12 Jun Do millennial parents really need life insurance?
A study of millennial parents has revealed some startling statistics and attitudes towards life cover. Three quarters of young parents said they have no life insurance in place to cover them should the worst happen. Despite how much of an impact this can have on those left behind, 67% also said that they simply did not have time to go through their options.
What is life insurance?
Life insurance delivers the peace of mind of knowing your loved ones are financially protected should the worst happen. Life cover normally comes in the form of “term insurance”, which covers the policy holder for a set period of time, normally around 30-35 years.
If you were to die during the policy’s term, your family will receive a pay out of a lump cash sum, or alternatively a regular income that can be used to pay off an existing mortgage or other bills.
Why don’t more millennial parents have it?
Generally, younger parents will always feel that life insurance is less of a priority than older generations, simply because they are less likely to die anytime soon. Currently, millennials would rather spend their funds on new technology and experiences, than on insurance against future events.
When asked, many millennials also assumed that life insurance was simply too expensive to consider, with 80% prioritising other financial needs, such as living expenses, recreational expenses, and saving money for the future.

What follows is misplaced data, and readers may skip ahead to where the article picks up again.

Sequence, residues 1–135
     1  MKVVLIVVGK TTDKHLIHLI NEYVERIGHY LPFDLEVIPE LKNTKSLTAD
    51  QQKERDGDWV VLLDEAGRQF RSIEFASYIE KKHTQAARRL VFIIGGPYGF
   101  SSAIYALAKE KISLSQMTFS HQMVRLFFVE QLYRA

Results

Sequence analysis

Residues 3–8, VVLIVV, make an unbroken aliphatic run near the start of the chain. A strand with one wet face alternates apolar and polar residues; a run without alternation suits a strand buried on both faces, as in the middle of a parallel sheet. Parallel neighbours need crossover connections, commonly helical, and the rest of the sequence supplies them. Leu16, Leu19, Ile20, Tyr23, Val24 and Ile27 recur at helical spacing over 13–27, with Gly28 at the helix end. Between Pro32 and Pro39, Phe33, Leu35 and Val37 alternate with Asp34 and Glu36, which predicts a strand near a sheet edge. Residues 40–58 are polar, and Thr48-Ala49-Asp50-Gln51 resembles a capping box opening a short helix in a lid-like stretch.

Life stages, such as buying a house, are being reached much later by millennials. This means that many young parents are left vulnerable while renting, without having had the life insurance conversation with their mortgage adviser.
Why is it such a good idea for millennials?
One of the reasons millennials should be considering life insurance is their age. Life insurance is often cheaper when you are younger, which means putting it off only increases the cost of the monthly premiums.
If you have dependents and people that rely on you, then you need to consider what would happen if your income was suddenly taken out of the picture. Would they be able to live comfortably? Would they have the same lifestyle? Moreover, would they have the stress of financial worries piled onto the difficulty of dealing with your death?
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